Archive for November, 2009

Megan is pestering the cat petty much non-stop right now.  Shega just said, "STOP MEGAN! You are making her horrified."

I am also horrified. The weekend is over. I did not crack open my school books. My house looks like a Good Will store, and we have eaten nearly every edible thing in the house.

I am definitely horrified.

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We are thankful for…..

  • A beautiful 17 year old girl, Emma Rose. She was born on Thanksgiving Day, 17 years ago, making her appearance right at noon. She is definitely a turkey baby!
  • Her birthday present. A kitten named Bella has entered her life and ours. We are thankful to love a cat again.
  • An hour long conversation with our son Joe and his lovely wife, Kendra who are serving in the Peace Corps in Paraguay. We missed them terribly today, but are blessed to experience their service and learning vicariously. We are thankful for Skype and the opportunity it gives us to see and hear them half way around the world about every 4 – 6 weeks.
  • A lovely gathering of family who came to celebrate the holiday with us. We missed  Aunt Barb, Heather and Leon and Nicole and Travis, but we are especially thankful that they are celebrating the holiday with their little turkey baby, Cailin Rose.
  • Cousins for the kids to play with. They all love when cousins come to play. It is a wonderful treat to see how much fun they have together. Six boys and two girls between the ages of 7 and 13 make for a lot of chaos and joy.
  • Steve’s new hip. He is doing very well. He can get around the house with crutches and he has very little pain.
  • My new kitchen! This was the first outing for my new kitchen. It worked great and I am so blessed by it. I am a lucky, lucky cook!

Wishing you joy and peace and many, many blessings this Thanksgiving!

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This piece written for the Northwestern College alumni magazine, the Classic, brought me to my knees. It was written by Liz Calsbeek Moss about the adoption and baptism of her Ethiopian son David.

It is a beautiful picture of God’s love for us:



By Liz (Calsbeek ’99) Moss

Photo by DOUG BURG

We live in different worlds. Most likely she lives in a small dirt hut in southern Ethiopia. I live in a four-bedroom, one-and-a-half bath house in a northwest Iowa town. Her education is basic, at most. I’ve earned a master’s degree. Her employment is petty trade. Until recently, I served as a pastor in a local congregation. We are different.

I don’t know much of her story—what her upbringing was like, what hopes and dreams she holds. But I do know on a spring day she gave birth to a baby boy in her parent’s home. She named him Dawit, which means beloved and translates to David. His second name was Desalegn, which means I am happy, I am proud. I can guess she was proud of this boy of hers. I can guess she was delighted with her beloved son.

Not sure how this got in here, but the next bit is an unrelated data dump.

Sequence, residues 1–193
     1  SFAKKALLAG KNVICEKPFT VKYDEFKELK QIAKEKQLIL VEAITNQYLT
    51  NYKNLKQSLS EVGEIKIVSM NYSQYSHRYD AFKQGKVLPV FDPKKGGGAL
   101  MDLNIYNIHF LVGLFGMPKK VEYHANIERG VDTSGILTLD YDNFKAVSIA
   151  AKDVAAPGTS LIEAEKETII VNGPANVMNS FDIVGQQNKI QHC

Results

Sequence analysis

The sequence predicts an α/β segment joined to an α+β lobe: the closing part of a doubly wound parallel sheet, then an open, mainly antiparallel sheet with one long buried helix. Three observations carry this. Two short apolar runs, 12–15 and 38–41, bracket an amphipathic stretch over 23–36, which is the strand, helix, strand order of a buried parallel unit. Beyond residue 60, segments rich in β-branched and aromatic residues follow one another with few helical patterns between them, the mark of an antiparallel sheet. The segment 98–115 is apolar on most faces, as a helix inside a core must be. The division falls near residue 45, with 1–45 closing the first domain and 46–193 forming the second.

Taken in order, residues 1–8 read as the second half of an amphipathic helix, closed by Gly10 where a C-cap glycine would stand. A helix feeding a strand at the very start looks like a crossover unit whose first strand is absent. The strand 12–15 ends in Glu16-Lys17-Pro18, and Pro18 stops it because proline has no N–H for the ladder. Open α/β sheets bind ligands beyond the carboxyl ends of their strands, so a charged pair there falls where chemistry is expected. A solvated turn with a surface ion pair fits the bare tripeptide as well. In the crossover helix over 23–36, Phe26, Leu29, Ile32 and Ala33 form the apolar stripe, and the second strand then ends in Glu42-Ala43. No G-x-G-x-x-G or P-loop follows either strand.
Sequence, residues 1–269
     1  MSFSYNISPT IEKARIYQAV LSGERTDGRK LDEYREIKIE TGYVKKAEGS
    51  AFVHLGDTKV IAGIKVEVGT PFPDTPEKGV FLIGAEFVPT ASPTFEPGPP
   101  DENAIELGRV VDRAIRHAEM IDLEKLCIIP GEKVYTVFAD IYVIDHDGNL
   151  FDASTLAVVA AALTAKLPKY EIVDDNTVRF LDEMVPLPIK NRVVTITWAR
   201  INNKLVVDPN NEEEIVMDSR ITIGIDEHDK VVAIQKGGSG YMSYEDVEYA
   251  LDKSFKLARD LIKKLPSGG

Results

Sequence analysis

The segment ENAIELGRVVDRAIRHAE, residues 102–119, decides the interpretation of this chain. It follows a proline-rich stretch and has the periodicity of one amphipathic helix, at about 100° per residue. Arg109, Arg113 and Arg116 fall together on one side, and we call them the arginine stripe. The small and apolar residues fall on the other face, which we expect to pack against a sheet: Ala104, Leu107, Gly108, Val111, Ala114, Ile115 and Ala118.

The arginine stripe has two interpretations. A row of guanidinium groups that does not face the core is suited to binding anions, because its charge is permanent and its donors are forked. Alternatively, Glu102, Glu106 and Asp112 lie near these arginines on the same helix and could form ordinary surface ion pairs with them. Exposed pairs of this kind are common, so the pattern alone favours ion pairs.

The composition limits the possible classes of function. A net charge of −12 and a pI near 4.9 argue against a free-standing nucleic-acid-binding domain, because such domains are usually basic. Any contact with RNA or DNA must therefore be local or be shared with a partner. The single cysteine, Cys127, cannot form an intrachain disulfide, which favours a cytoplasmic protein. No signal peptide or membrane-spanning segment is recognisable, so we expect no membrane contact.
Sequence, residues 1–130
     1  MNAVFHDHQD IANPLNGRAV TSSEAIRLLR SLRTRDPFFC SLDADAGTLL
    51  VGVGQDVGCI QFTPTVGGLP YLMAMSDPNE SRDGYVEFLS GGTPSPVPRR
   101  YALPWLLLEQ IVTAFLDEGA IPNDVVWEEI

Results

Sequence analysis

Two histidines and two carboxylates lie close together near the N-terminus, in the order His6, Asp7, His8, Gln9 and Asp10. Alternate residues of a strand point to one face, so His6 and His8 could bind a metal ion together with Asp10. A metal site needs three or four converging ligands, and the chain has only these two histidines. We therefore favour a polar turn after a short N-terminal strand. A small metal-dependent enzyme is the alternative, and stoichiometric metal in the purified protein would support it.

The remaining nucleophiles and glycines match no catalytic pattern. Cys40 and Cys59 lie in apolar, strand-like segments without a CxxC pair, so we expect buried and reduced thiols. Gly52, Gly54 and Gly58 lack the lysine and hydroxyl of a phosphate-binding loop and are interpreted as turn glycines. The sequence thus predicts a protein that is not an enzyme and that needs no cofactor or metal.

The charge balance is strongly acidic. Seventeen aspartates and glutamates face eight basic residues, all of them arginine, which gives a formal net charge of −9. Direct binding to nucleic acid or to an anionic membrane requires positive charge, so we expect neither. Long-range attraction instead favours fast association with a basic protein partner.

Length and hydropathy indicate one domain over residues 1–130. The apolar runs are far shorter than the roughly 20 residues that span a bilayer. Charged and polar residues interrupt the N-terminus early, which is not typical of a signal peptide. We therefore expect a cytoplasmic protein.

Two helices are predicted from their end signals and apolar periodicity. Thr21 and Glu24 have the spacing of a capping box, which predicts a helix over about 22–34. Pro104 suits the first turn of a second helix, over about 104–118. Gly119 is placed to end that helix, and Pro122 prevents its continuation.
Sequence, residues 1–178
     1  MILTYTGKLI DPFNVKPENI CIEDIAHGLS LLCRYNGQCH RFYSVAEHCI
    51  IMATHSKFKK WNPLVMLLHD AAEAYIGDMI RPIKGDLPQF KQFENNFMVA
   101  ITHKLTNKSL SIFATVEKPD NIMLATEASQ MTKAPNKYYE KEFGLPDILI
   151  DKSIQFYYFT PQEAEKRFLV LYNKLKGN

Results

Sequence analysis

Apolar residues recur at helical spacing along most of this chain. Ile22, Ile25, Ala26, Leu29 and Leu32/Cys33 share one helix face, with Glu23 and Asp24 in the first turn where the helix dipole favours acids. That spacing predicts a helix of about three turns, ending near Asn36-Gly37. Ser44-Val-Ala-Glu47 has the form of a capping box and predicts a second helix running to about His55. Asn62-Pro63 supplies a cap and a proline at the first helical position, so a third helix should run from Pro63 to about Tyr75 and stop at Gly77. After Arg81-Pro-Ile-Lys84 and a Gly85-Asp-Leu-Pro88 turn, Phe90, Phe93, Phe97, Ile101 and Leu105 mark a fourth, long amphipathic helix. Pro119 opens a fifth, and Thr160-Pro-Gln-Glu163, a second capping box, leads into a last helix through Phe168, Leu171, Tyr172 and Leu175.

Dawit was nurtured by his mother for a few months as they lived with his grandpa and grandma. But with circumstances too difficult to bear and an abundance of love, she placed him into the care of others. I can guess her love for him must run deep.

On another spring day, my husband and I stood over the boy’s crib in Addis Ababa, Ethiopia. With his arms stretched above his head, he slept peacefully, as though he didn’t have a care in the world. The nannies said he had fallen asleep while lying in the sun, part of the morning routine to boost the children’s vitamin D.

We had traveled more than 24 hours, halfway around the world, to hold this child in our arms. We had endured adoption’s paperwork, waiting and unknowns. We were forced to give up control and patiently discover the wonder of God’s plan. At that moment, when the nanny handed this droopy-eyed little guy into my outstretched arms, the differences I once had with the woman vanished. We are both deeply in love with this same beloved boy.

When I rock David to sleep, I often look into his big brown eyes and wonder: What other world has he seen? What other eyes has he looked deeply into? What other kisses has he felt? What lullabies did she hum? What stories did she tell her son? What hopes and dreams does she hold for the one she gave in love?

I can’t help but recall what the psalmist wrote: “For you created my inmost being; you knit me together in my mother’s womb. I praise you because I am fearfully and wonderfully made; your works are wonderful, I know that full well” (Psalm 139:13-14). Now, as David’s mom, I sing, tell stories, and hope and dream for his future too.

In the Reformed tradition, baptism is the sign and seal of God’s promises to God’s people. It is God saying yes to us before we say yes to God. Sometimes, when I’ve struggled to hold a kicking and screaming infant while trying to sprinkle water on the little head, I’ve thought about the poignant symbolism when a child kicks and screams into the kingdom of God. As much as we don’t always want to follow, God continues to say yes, yes, yes.

I wonder if in adoption, baptism is also something more. When I baptized him, I uttered these words to my child: “David Jacob, it was for you that Jesus Christ came into the world; for you he died and for you he conquered death; yes, for you, little one, you who know nothing of it yet. We love because God first loved us.”

I wonder if God has whispered into his little ear: “Dawit Desalegn—David Jacob, even while you were in your mother’s womb, I loved you and I loved your mother. Even before your mother called you beloved, you were mine. Whomever you are with, you are mine. You are adopted into my family and you are marked as Christ’s own forever.”